Material of the month – silicon carbide
It occurs in the extremely rare mineral moissanite, and has been used in various applications from LEDS and composite armour to automotive parts. This month, Anna Ploszajski explores silicon carbide.
At the end of the 18th Century, it was discovered that diamond was an allotrope of carbon. Chemists argued that it must be possible to create diamonds from cheap sources of carbon if the conditions of natural diamond formation in the Earth could be mimicked in the laboratory. The following decades saw many attempts, none of which succeeded in synthesising diamond from carbon, although many tried to claim success. The American Edward Goodrich Acheson was one frustrated chemist, whose attempts at synthetic diamond were under the direction of Thomas Edison for use in his electric lightbulbs in the 1880s. In his research, Acheson heated a mixture of clay (aluminium silicate), and powdered coke (carbon) in an iron bowl with a carbon arc, and afterwards found shiny hexagonal crystals attached to the carbon electrode. This wasn’t diamond, but it was a compound, which he named carborundum. Acheson would eventually patent this method for producing powdered silicon carbide (SiC), a compound of silicon and carbon, in 1893. It is still the most popular processing route today.
The mineral form of silicon carbide is called moissanite and gets its name from Dr Ferdinand Henry Moissan, who first discovered it in the Canyon Diablo Crater in Arizona in 1904, while studying rock samples from the site of a meteorite impact. The next year he won the Nobel Prize for Chemistry for his work isolating fluorine from its compounds.
Silicon carbide is unusual because it was discovered synthetically before its natural form was unearthed. This is partly because, as minerals go, moissanite is extremely rare, generally brought in on meteorites from space, or found as inclusions in diamond or rocks, such as kimberlite. Moissan’s discovery was disputed by naysayers who claimed that the sample may have been contaminated by synthetic silicon carbide used in saw blades to prepare rock samples.
These cutting-edge blades and tools were the first application that Acheson found for his new shiny black crystals, and he began to mass-produce them in 1895. Sitting at an impressive 9–9.5 on the Mohs hardness scale, silicon carbide proved to be a much more powerful abrasive than those based on emery, corundum and garnet that came before. Alongside synthetic alumina, silicon carbide abrasives reigned supreme until 1955, when Howard Tracy Hall at the General Electric Company (GE) finally succeeded in producing synthetic diamonds. More durable, wear-resistant, efficient, and with a longer lifespan, synthetic diamond-based abrasives and cutting tools now dominate the high-end markets. GE went on to earn a fortune from Hall’s invention, yet he was only rewarded with a US$10 savings bond in addition to his salary. After GE, Hall became Professor of Chemistry and Director of Research at Brigham Young University before leaving academia to become a missionary.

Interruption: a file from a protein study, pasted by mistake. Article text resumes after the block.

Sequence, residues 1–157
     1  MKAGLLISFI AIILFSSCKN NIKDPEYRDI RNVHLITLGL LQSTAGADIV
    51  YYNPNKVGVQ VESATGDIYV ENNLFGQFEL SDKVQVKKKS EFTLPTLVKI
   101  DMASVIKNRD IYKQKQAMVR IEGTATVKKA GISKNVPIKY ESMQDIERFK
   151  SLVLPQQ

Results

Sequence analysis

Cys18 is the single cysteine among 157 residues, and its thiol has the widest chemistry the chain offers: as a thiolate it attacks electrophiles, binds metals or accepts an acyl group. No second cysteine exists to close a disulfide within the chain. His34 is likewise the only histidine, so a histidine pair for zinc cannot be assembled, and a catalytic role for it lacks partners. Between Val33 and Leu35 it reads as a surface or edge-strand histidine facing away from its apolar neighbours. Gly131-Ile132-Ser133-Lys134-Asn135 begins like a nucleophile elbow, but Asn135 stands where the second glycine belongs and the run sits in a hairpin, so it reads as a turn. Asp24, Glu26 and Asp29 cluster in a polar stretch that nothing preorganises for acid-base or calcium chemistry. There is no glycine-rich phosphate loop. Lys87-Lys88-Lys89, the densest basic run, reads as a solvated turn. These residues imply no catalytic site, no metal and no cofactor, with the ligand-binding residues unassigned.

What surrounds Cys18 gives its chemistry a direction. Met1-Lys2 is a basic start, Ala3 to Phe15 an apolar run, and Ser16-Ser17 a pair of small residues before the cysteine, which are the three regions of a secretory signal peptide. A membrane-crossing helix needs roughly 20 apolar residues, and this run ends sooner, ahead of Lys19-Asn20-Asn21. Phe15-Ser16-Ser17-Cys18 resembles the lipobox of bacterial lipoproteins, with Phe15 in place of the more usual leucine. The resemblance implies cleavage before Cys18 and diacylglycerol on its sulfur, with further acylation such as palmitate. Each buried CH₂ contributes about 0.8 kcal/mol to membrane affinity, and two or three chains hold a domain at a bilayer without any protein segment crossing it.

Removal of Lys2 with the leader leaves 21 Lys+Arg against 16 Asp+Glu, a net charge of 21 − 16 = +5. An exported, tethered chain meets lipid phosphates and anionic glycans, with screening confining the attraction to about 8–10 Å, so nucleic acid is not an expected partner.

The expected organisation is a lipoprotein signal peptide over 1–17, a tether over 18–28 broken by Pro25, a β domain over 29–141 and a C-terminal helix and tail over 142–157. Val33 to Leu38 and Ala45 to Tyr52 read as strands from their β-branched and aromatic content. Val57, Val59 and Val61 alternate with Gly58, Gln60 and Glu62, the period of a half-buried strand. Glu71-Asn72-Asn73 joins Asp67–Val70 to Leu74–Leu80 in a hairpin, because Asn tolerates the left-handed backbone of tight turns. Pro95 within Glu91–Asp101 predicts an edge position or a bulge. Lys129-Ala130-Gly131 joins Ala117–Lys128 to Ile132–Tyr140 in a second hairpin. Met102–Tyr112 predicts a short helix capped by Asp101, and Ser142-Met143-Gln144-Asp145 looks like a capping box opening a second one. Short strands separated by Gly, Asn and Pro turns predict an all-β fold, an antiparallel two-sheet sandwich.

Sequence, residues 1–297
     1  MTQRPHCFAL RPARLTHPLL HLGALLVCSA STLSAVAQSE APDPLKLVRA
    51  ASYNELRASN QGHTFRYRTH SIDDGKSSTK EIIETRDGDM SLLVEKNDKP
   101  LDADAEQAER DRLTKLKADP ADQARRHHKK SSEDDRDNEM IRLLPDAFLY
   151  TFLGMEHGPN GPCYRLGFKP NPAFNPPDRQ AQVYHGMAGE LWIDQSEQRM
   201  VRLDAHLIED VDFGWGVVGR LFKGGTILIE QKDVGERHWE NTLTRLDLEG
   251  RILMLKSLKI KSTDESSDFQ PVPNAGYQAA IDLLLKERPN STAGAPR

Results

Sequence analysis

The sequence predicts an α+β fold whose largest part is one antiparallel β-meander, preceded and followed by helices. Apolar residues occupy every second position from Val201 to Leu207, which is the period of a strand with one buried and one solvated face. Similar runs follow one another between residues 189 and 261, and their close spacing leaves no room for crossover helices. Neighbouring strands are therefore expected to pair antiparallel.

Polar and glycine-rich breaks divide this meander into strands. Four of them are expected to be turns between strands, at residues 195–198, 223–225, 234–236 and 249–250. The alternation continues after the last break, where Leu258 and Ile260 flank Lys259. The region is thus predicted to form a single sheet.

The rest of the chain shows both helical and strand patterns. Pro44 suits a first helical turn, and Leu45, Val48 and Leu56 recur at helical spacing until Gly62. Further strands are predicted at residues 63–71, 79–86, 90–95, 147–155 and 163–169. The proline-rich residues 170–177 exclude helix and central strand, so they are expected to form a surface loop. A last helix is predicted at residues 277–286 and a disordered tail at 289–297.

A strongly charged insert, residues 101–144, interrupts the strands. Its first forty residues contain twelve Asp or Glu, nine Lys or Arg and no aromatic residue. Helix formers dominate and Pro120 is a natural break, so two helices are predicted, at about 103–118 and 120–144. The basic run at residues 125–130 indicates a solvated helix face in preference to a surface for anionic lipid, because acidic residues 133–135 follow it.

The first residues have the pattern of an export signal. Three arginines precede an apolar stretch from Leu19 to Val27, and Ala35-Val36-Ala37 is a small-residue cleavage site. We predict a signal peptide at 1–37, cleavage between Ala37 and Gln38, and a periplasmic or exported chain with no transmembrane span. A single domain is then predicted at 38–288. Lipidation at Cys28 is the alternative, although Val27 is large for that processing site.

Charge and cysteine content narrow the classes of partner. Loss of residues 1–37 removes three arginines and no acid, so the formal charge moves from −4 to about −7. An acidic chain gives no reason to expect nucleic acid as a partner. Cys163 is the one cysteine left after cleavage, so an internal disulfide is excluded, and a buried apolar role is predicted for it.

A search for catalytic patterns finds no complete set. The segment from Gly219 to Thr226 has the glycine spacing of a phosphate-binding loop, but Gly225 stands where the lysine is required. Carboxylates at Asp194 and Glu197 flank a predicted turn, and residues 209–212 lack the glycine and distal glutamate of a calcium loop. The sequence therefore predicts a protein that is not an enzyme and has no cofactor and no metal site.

To the naked eye, pure moissanite gems look just like diamonds, and their very similar thermal conductivity means that they are often mistaken for one another. But, unlike diamonds, silicon carbide crystals can be strongly birefringent, meaning the crystals exhibit different refractive indices down different axes. For this reason, moissanite jewels are cut along the optic axis to mitigate these effects. To identify counterfit diamonds, jewellers have developed special testing devices that exploit the difference in electrical conductivity between the two otherwise extremely similar stones.
Whereas, SiC powder production involves the Acheson resistance furnace, these synthetic moissanite gems are produced by the Lely Process. This method produces large single crystals by sublimating silicon carbide powder to form a high-temperature species called silicon dicarbide (SiC2) and disilicon carbide (Si2C). This is done under argon at 2,500°C, and singe crystals are deposited on a slightly colder substrate. These crystals can then be cut and shaped into diamond-like gems.